Mr. Kushner was born in Lake Charles, Louisana, but went to New York City for his training. After graduating from Juilliard, Mr. Kushner played with the Houston and New Orleans symphonies, the New York City Opera and the Metropolitan Opera orchestra, before moving back to the south. In 1958, he began playing with the Lake Charles Civic Symphony. He later became the orchestra’s conductor, a post he held from 1978 to 2008.
He was also the conductor of the Rapides Symphony in Alexandria, Louisiana, which he led from 1968 until his retirement in 2002.
During World War II, he served in the Army as a member of the Second Coast Artillery Band. Mr. Kushner also taught music at McNeese State University in Lake Charles for 17 years.
In 1946, he married Sylvia Deutscher, a bassoonist, who died in 1990. Their three children Lesley, Tony, and Eric survive him, along with his daughter-in-law Maighread McCrann and his son-in-law Mark Harris. He is also survived by his wife of 17 years, Marsha Kushner, his stepdaughter Laura Moise (and her husband Ed) and his stepson Mark Ford. Mr. Kushner is also survived by his nephews Daniel, Roland and Paul Kushner, and grandchildren Ciara, Orla, Madeleine, Lily, Natalie and Nicholas.
Those wishing to make a contribution can donate to the McNeese Foundation/William Kushner Scholarship (call 337-475-5588), to Temple Sinai of Lake Charles (call 337-439-2866), or to the Lake Charles Symphony (call 337-433-1611). Lake Charles Symphony donors can choose to contribute to the Sylvia Kushner Principal Bassoon Chair or the William Kushner Principal Clarinet Chair.
Harry Del Peers
Harry del Peers, 86, a trumpeter and a Local 802 member since 1946, died on Jan. 20.
By age 16, while still in high school, Mr. Peers was awarded a scholarship to study the trumpet at the Curtis Institute with Saul Caston. Mr. Peers was soon playing extra trumpet with the Philadelphia Orchestra and first trumpet with the Washington, D.C. Symphony. He also performed at the Tanglewood Music Festival.
At 19, Mr. Peers was drafted into the Army. He played in the G.I. Symphony and toured Europe. When the war ended, Mr. Peers played with the NBC Symphony before winning a chair with the Metropolitan Opera Orchestra. He played with the Met for 41 years, from 1947 to 1988, and appears on many Met recordings and DVD’s.
During his career, Mr. Peers also played with the Bush Quartet, in many Broadway shows and at the prestigious Casals Festival in Puerto Rico. He toured with the Ballet Russe de Monte Carlo and the Stuttgart Ballet.
Mr. Peers is survived by his wife Judith, sons Stephan and Peter, grandchildren Dan (and his wife Jessica), Mikey (and his wife, also named Jessica), Stephanie (and her husband Dan), Cathryn (and her husband), Laura, Eric and Sabrina, and great-grandchildren Jocelyn, Evelyn and Rosslyn.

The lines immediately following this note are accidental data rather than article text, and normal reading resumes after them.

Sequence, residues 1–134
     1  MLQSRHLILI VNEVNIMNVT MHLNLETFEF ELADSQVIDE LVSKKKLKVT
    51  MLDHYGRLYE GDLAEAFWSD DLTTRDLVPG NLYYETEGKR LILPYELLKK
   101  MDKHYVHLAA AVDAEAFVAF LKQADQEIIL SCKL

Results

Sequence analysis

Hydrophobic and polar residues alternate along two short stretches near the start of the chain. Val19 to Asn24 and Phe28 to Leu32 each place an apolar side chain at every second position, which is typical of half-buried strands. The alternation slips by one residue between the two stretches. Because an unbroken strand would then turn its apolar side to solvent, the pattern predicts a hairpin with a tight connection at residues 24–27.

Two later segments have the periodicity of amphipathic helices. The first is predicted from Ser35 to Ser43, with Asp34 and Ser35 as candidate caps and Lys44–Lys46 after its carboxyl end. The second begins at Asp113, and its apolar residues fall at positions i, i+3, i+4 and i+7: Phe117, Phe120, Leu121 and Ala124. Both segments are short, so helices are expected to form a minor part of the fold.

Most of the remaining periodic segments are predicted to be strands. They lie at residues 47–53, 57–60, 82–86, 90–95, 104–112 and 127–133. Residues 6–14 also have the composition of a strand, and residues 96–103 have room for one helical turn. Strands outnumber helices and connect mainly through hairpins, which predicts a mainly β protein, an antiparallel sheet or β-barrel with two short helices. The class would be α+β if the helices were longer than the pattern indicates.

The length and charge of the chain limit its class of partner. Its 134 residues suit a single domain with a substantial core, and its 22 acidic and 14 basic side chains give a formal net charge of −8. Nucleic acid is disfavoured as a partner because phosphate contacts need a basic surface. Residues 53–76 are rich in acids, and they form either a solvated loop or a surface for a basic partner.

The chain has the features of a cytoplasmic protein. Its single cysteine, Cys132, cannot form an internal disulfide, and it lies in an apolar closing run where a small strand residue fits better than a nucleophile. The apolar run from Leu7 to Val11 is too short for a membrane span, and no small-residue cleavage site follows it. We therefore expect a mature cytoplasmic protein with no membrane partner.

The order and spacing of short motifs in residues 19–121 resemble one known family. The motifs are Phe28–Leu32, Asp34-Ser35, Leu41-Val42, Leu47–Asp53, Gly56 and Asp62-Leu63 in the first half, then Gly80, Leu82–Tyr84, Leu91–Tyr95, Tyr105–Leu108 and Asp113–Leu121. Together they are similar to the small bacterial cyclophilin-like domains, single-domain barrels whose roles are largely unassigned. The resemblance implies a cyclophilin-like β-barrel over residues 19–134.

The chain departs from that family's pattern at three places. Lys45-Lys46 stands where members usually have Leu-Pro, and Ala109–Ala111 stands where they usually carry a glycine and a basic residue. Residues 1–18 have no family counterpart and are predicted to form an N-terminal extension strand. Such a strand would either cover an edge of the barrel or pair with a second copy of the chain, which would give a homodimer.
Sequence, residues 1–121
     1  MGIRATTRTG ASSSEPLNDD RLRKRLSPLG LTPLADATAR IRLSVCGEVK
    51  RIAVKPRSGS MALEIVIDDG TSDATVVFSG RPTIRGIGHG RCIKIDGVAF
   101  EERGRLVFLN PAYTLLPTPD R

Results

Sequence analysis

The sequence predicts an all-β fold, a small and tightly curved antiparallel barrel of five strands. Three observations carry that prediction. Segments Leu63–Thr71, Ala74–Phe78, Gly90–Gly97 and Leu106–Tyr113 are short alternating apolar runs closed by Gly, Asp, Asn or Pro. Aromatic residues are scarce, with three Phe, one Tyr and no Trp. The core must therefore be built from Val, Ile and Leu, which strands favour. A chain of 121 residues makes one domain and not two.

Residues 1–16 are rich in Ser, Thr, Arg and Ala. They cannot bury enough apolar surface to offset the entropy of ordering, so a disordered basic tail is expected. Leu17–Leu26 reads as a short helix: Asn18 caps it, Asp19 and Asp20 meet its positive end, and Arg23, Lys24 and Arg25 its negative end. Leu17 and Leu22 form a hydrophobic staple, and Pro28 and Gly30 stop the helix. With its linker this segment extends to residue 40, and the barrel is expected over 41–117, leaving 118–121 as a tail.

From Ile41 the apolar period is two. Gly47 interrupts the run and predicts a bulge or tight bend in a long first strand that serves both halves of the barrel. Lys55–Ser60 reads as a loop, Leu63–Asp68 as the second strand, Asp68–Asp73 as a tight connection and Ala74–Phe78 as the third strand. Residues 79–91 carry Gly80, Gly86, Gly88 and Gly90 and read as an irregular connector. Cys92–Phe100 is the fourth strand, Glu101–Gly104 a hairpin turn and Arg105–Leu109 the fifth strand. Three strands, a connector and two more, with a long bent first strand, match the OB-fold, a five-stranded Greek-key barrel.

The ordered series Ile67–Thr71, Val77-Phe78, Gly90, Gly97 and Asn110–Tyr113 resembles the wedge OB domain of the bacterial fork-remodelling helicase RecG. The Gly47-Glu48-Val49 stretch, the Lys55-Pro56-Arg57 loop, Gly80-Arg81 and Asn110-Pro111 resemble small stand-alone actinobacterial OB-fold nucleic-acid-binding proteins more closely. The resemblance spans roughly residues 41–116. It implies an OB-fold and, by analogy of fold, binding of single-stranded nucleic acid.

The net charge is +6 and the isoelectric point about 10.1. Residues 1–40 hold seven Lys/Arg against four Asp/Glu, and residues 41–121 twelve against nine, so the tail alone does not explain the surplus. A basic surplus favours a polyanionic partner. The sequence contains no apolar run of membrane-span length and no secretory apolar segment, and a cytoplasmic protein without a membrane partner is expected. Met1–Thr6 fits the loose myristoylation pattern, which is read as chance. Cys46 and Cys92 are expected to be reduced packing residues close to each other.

Morton Trautman, 86, a trombonist and a Local 802 member since 1943, died on April 21.
Born in Brooklyn, Mr. Trautman served in World War II. During his musical career, he played in big bands, night clubs and hotels, including the Waldorf-Astoria. He also played on Broadway, did studio work and toured with the French actor and singer Yves Montand. He was known as an excellent sight reader.
Mr. Trautman had a second career as a piano technician, including an interesting gig for Norwegian Cruise Lines. At the time, the cruise line only owned one ship. The ship would cruise during the week and come back to port on Saturdays and Sundays, when Mr. Trautman would come on board and tune the pianos. Occasionally, one of the featured stars on the ship would request that the piano be tuned every night before the show. So Mr. Trautman would cruise for the week and tune the pianos each night. During those cruises, he was allowed to bring his wife Anita; they were treated as guests and got to stay in guest cabins.
In addition to Anita, Mr. Trautman is survived by his sons Robert and Allan and their familes.
We also remember . . .
Dennis L Anderson, piano
Bronislaw Bialoglowski, saxophone
Harold Bielski, piano
Jack Cohen, saxophone
Joseph Dell’Aquila, french horn
Carl J. Eberl, conductor
Marilyn Estey, violin
Hugo Fiorato, violin
Norman A. Forsythe, bassoon
Walter Legawiec, violin
Ralph A. MacDonald, percussion
George Mesterhazy, piano
Dwight Murphy, bass
Robert Rudie, violin
Herman W. Saunders, piano
Anthony (Sheldon) Scelba, piano
Bill R. Thomas, bass